“The beginning of wisdom is this: Get wisdom. Though it cost all you have, get understanding.” (NIV) Proverbs 4:7
As a parent, I enjoy taking my children on adventures. On walks, they love to skip ahead to see what’s around the next corner. On a hike, they’ll find rocks to turn over and small caves to peer into. God nurtures them through their natural gift of curiosity. If wonder is the basis of worship, children are the best at it.
Curiosity is a channel through which God reveals to us what he has laid out for us to discover in creation. God is so excited for us to discover every good thing that he has made. Every child is born with a God-given sense of curiosity. In fact, it is the first natural emotion a child displays. Children like to ask so many “why” questions that it may seem like an unending loop, but curiosity makes the mind stay active, observant, and excited. When children ask questions, be careful not to discourage them. Instead, engage with them and direct their questions to the "wonder and awe" aspects of life and God’s role in creation.
In our family with young children, curiosity is our collective spiritual discipline. We’re curious together and intentional in our journey of exploration. Below are a few practical tips on how to build the spiritual discipline of curiosity into your family life:
Bible stories have lots of space for questions. “I wonder what Jesus was like as a little boy.” “Did he have friends?” “Did he ever get into trouble?” Eugene Peterson calls these spaces “an implicit invitation to enter the story, just as we are, and to discover for ourselves how we fit into it.” Children can lead us into some serious, deep wonderings about God and his Word.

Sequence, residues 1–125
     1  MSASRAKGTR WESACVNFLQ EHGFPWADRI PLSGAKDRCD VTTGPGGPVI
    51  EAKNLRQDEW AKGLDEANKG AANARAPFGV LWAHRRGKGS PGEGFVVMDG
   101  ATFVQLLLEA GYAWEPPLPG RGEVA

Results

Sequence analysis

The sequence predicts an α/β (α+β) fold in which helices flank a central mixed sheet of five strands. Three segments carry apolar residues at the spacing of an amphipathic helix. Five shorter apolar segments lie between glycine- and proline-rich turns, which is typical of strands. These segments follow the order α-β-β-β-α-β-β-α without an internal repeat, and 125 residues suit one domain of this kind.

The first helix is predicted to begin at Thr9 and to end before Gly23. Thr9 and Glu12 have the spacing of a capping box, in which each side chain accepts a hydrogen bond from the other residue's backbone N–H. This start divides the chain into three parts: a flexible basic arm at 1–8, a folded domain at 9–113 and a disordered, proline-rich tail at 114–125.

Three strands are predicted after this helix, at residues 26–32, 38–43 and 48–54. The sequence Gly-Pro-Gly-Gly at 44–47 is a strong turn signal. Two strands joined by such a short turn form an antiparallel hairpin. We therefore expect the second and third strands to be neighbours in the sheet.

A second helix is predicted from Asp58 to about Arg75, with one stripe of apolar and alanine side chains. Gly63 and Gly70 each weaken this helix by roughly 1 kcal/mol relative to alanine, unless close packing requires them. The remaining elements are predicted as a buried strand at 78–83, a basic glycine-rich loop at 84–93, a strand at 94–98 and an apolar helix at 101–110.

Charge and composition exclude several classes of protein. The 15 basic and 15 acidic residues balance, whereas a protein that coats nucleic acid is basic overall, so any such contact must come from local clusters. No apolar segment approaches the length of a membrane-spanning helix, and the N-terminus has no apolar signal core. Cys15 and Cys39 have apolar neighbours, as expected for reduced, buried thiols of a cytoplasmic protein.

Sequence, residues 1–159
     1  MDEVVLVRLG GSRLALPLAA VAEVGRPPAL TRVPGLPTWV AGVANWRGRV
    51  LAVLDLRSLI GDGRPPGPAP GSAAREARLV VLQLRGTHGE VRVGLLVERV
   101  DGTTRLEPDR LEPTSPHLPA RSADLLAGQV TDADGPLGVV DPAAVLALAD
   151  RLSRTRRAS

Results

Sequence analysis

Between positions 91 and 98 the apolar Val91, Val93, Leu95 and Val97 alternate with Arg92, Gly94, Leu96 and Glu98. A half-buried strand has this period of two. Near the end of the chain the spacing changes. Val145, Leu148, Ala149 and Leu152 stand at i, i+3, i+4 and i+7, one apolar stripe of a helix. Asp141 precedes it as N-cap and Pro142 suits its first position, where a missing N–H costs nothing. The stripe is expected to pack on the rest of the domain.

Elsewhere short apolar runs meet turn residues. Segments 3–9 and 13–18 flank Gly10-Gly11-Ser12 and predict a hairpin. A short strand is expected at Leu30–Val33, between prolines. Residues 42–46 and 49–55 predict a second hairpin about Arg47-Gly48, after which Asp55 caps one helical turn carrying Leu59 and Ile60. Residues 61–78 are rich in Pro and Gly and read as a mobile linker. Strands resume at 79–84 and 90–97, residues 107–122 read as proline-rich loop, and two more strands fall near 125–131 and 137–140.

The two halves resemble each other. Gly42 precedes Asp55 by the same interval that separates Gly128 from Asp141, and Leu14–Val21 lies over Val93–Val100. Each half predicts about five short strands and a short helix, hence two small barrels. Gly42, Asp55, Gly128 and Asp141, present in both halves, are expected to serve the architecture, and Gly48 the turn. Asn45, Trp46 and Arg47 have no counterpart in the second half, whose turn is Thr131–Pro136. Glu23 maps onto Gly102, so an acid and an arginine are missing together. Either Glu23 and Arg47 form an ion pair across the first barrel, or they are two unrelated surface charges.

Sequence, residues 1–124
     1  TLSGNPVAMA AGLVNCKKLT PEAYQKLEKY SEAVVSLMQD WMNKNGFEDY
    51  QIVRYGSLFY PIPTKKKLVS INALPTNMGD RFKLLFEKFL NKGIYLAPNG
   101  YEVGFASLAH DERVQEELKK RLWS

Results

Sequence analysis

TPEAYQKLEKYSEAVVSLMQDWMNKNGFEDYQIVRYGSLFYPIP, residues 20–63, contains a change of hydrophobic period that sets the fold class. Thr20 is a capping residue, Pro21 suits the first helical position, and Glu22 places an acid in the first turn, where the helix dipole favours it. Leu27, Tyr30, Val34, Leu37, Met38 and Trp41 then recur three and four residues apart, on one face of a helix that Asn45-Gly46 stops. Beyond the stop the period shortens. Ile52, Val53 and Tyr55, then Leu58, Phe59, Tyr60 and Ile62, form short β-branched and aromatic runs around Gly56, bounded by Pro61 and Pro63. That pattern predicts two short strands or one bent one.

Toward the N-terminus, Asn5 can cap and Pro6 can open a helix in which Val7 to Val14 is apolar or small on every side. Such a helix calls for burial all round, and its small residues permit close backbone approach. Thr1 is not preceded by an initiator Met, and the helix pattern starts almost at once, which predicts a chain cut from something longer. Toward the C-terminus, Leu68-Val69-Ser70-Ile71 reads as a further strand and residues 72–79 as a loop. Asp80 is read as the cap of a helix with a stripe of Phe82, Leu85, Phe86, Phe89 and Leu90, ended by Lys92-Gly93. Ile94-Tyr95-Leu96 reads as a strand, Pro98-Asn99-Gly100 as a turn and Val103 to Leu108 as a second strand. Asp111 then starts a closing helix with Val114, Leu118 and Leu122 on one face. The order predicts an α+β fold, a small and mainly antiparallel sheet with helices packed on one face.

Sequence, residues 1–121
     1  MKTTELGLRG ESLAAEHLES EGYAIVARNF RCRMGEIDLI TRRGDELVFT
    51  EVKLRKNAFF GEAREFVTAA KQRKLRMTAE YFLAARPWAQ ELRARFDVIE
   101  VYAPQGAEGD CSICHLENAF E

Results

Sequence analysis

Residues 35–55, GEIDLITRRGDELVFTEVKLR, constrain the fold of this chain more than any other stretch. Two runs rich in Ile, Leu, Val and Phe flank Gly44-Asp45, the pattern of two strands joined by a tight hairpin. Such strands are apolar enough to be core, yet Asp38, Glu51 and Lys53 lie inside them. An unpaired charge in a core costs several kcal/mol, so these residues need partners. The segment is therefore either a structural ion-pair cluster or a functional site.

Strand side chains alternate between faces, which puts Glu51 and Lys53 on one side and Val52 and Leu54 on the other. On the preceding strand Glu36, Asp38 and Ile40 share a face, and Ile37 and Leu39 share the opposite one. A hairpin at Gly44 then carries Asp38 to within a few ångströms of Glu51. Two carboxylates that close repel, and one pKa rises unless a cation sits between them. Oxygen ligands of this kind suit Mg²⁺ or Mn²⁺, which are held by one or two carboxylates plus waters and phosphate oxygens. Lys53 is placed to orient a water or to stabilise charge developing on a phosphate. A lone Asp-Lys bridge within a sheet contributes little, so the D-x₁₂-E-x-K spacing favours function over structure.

Build an “adventure” mentality into your family’s daily life. Encourage children to treat each day as a new adventure to meet people and do new things. Cultivate a "yes" attitude toward seeing life as an adventure and God’s blessing. Explore with your kids from an early age the wonders of God's created world, people, and cultures. Take nature walks, visit museums, explore galleries, and enjoy concerts together. There are lots of free and inexpensive opportunities to do this.
Look for variety. Build diversity of reading into your family library, and model curiosity at new areas of knowledge. In reading and art-making, expose them to various genres.
Create opportunities for them to meet people from all cultural backgrounds. Explore cultural festivals, food, and music. Find different ways to serve and love our neighbors.
Proverbs 4:7 urges us to “get wisdom” and “get understanding.” Parents play a major role in keeping the flame of curiosity alive in a child. Encouraging curiosity lays the foundations for good learning habits, but it can also foster a positive healthy outlook on life. But most important of all, parents may want to first rekindle their own curiosity and become role models for their children. Let your children teach you about God, his people, and his creation. We can always learn something new.
Want to do a deep dive? Check out Family Fire's article Parenting Wisdom from Proverbs and the Montessori Method.